With little expectations of actually accomplishing much or seeing anyone in particular, I ventured downtown Wednesday night after work to see the hubbub that is Con (well, that seems to be the word on the street). Once at the convention center after walking a fair bit from my free parking spot in East Village, I managed to grab my pass with considerable ease to the point I was unsure if I cut in front of a huge invisible line.
Immediately, security ushered me towards the exhibit hall where I suddenly felt very small. Without direction and too impatient to look in the event guide, I started poking around looking for something I could relate to. DC and Marvel were concepts and characters I knew more like advertisements on a cereal box: colorful, frozen lifeless forms trying to sell me something and not really of interest to me. Without cable shows like Doctor Who, True Blood and Community completely passed me by. And I am NOT a collector. Anytime my husband and I receive two like objects, they are immediately separated for fear someone may see them, assume we are collectors of said object, and proceed to buy us more.
Booths rousing my curiosity ranged from the Asian pop culture magazine/toy vendor, Giant Robot…. to the creative Haunted Memories changing portraits… to the simple stick figure drawings of the Kingdom of Loathing role-playing game. As many times as I have sent my family the hilariously funny Hoops and Yoyo greeting cards, it seemed vaguely appropriate to pose for a photo with the life-sized versions and include a link to their amusing Sarcastic Wednesday animated e-card. By the way, they are not so entertaining in real life.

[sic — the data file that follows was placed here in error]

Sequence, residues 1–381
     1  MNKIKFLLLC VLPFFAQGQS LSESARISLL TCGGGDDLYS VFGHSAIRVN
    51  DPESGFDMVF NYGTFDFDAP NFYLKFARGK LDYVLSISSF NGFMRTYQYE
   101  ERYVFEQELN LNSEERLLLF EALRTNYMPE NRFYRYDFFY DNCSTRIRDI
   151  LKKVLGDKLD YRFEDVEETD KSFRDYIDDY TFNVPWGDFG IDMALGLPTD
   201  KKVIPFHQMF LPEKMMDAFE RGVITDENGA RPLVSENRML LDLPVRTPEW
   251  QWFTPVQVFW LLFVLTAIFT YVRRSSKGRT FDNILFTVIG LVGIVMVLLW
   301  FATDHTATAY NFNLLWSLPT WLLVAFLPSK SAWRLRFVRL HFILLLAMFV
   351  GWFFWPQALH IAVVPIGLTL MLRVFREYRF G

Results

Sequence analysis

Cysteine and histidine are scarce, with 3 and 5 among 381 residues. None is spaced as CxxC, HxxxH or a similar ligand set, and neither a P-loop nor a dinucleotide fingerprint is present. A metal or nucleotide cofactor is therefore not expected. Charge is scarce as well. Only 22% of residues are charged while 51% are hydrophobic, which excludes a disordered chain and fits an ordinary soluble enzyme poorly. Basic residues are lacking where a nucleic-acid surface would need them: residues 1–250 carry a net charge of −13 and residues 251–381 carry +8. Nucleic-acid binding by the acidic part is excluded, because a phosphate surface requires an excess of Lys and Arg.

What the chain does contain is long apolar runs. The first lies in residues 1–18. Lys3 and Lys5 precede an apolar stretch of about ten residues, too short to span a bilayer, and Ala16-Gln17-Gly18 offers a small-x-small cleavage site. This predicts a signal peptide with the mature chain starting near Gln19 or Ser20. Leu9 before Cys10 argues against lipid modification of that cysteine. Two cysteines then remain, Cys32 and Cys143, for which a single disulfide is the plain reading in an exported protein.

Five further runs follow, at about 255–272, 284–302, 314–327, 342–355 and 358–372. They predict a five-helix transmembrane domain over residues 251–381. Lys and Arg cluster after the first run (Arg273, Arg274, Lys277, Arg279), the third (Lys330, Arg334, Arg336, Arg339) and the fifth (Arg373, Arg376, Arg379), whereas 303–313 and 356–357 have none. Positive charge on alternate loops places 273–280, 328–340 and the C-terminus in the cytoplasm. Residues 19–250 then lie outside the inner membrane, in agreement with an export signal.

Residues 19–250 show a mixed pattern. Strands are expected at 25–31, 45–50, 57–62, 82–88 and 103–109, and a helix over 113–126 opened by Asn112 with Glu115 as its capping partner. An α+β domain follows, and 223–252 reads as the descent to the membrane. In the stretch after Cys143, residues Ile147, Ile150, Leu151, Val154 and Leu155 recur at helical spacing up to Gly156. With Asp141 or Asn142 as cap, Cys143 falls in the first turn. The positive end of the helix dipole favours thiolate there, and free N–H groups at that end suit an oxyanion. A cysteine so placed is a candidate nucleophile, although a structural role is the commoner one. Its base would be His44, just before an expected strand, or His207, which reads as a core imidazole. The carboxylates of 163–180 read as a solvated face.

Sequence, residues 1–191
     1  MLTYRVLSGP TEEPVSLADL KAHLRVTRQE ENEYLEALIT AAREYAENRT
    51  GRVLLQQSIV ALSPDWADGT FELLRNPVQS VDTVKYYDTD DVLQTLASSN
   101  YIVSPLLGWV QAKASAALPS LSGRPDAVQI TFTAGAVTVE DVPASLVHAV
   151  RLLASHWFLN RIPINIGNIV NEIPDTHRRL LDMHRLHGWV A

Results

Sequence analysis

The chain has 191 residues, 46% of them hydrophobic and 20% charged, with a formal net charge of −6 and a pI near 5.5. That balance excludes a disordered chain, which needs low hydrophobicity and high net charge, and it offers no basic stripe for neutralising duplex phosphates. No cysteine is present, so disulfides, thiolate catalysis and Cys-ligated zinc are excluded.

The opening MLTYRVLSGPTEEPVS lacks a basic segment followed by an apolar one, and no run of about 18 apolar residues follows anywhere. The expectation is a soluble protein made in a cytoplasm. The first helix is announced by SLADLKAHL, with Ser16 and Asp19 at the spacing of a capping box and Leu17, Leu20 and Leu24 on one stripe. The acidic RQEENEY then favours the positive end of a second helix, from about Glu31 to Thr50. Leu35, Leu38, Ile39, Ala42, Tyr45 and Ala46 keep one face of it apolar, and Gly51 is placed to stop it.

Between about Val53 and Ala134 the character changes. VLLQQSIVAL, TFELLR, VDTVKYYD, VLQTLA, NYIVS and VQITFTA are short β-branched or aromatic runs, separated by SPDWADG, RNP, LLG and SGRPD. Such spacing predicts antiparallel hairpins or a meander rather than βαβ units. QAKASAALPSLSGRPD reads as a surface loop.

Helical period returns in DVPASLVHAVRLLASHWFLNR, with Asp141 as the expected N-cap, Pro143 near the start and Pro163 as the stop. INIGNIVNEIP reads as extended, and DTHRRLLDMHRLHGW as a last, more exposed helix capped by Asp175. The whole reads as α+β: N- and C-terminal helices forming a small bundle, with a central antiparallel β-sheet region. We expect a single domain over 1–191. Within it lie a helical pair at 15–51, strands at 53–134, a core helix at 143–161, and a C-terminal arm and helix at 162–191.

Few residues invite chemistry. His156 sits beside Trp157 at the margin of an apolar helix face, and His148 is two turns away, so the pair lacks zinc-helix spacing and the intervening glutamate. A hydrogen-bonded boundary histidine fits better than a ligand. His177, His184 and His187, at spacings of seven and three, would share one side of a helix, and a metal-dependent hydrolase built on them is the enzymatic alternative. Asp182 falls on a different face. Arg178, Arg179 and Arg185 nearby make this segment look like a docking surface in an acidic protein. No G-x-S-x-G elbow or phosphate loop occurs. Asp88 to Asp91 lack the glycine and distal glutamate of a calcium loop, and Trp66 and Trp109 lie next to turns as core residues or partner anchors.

Lines formed in every direction for the super fans or just the super cheap to get their limited edition items or free crap give-aways. I managed to escape with very little crap… only the gi-normous bag that I will never in a million years wear or use. I might have to give it away to one of the many people whose bag straps broke from the mounds of memorabilia they gathered in the first few hours (maybe even minutes) of being at Comic-Con.
The best part of my night was discovering a friend from my high school art class, Tony Washington is now artist for World of Warcraft comics. It was late in the evening, so we didn’t have time to chat, but I will be heading back this weekend to catch up on old times. If you are around, check him out in the Artist Alley, booth #FF-22.
The only thing I found disappointing was the lack of costumes. Perhaps it was because it was the opening night with theoretically mostly industry and media peeps, but still sad. Far and away the best costume of the night was the sock monkey. Hopefully these geeks step it up this weekend. I expect more flair of the extreme variety!